I previously explained in my commentary to Nedarim 23a that certain vows, known as נִדְרֵי אֳנָסִים, are considered to be invalid if unforeseen circumstances occur which impede the person who made the vow from fulfilling their vow.
In today’s daf (Nedarim 27b) we continue to explore this theme while discussing some of the examples given in the Mishna (Nedarim 3:3) of unforeseen circumstances, such as when a river swells and thereby prevents someone from crossing.
However, a challenge is then raised from a different Mishna (Gittin 7:8) which rules that some vows remain valid notwithstanding the occurrence of an unforeseen event. To this, the Gemara responds by acknowledging that there are certain circumstances that are considered to be foreseeable, and in such cases it falls upon the one who makes the vow to remain cognizant of the likelihood of these foreseeable events.
On this point, the Rema makes a very important statement in his gloss to the Shulchan Aruch (Yoreh Deah 232:12): “whoever makes an oath or a vow to do something within a period of a year or on a particular date should do so (i.e. fulfil their oath or vow) immediately or, in the case of a particular date, in the morning of that particular day. This is to avoid the situation that they then forget to do so and thereby transgress their vow or their oath. And if they did not do the thing immediately and, instead, said to themselves, “I’ve still got time to do this” and then forgets to do so or is impeded to do so by unforeseen circumstances, while there are those who consider this to be אונס (beyond one’s control), others do not consider it to be אונס.”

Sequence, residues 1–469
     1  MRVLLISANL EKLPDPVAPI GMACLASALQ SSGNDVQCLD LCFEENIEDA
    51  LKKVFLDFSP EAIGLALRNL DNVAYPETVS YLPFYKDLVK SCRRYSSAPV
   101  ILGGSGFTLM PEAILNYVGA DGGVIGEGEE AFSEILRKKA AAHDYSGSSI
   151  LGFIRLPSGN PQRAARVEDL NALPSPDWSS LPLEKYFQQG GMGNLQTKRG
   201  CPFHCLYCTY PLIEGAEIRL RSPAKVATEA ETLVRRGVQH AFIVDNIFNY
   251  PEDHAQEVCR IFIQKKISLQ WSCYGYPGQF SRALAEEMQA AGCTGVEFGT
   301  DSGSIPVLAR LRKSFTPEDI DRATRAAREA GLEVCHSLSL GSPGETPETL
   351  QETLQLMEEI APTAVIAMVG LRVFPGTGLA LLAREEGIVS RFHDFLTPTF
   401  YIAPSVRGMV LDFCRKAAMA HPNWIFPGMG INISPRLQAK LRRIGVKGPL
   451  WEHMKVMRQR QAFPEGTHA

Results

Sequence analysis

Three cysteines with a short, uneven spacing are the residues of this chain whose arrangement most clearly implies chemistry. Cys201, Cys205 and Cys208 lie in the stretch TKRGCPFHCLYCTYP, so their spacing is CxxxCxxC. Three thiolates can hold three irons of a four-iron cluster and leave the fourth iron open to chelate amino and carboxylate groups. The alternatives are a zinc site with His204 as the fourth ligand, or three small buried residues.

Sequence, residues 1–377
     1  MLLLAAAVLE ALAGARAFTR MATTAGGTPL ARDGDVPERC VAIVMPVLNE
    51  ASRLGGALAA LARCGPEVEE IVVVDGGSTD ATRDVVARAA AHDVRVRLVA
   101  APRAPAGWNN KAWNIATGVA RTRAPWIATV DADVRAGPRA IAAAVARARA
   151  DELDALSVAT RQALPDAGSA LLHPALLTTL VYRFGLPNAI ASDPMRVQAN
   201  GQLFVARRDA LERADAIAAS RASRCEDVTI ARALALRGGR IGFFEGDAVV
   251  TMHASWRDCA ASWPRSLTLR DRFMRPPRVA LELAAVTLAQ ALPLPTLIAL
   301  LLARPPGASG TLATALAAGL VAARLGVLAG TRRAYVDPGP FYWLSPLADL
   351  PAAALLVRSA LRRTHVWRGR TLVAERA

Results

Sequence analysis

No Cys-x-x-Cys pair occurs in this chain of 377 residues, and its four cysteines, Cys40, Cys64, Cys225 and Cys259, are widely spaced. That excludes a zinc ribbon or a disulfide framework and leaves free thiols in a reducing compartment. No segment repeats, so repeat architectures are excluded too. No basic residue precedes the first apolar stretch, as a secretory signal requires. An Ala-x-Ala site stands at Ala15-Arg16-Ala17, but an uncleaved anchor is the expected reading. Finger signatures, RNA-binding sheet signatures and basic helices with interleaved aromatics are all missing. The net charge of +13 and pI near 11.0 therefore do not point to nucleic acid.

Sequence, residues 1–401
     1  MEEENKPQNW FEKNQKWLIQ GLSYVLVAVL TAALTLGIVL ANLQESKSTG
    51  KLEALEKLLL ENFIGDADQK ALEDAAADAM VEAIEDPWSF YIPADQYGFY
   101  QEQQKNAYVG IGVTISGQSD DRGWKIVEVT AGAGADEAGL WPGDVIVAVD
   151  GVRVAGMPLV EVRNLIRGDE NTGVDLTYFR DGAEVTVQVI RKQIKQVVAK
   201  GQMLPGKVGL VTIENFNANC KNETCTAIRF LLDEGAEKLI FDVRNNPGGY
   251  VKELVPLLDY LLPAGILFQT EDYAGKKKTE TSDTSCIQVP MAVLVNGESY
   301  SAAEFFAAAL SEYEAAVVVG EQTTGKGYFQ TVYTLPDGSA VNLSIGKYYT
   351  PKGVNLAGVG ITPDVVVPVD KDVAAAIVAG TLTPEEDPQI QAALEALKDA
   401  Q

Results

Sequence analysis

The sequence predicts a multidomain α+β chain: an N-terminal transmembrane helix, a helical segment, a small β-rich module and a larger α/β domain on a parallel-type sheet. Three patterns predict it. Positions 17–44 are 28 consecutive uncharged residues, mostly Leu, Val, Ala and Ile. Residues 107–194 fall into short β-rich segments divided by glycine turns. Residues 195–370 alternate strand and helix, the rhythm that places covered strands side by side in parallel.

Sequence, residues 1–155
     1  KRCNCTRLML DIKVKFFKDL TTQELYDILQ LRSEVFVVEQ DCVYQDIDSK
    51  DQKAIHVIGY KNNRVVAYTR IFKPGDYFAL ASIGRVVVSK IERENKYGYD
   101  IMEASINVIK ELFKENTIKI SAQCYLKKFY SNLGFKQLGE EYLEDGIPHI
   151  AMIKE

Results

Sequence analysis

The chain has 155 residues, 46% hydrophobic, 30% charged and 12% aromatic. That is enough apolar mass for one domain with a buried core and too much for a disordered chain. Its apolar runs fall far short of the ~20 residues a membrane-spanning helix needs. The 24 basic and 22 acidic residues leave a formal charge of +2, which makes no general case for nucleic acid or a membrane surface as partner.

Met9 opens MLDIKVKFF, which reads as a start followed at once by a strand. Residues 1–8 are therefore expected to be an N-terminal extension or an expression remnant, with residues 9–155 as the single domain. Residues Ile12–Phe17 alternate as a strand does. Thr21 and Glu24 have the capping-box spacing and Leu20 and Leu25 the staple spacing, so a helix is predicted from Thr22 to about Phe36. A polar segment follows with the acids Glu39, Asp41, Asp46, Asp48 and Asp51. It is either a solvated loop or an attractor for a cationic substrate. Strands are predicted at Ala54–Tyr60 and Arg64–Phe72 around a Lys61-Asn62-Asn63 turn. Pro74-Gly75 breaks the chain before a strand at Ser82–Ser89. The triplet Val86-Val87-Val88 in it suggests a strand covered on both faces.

What this teaches us is that while Jewish law is sensitive to circumstances beyond our control, if we could have prioritized what we committed to do and not procrastinated, then even if, at the 11th hour, an event did occur that was truly beyond our control, it is then nevertheless highly questionable whether our failure to do what we said we’d do is truly considered to have been ‘beyond our control’.
Personally, I believe that this halacha is a powerful lesson to us all – and especially to those of us who may, at times, procrastinate. So if you have something you said you were going to do which you’ve pushed off for a while, then make today the day that you get to it.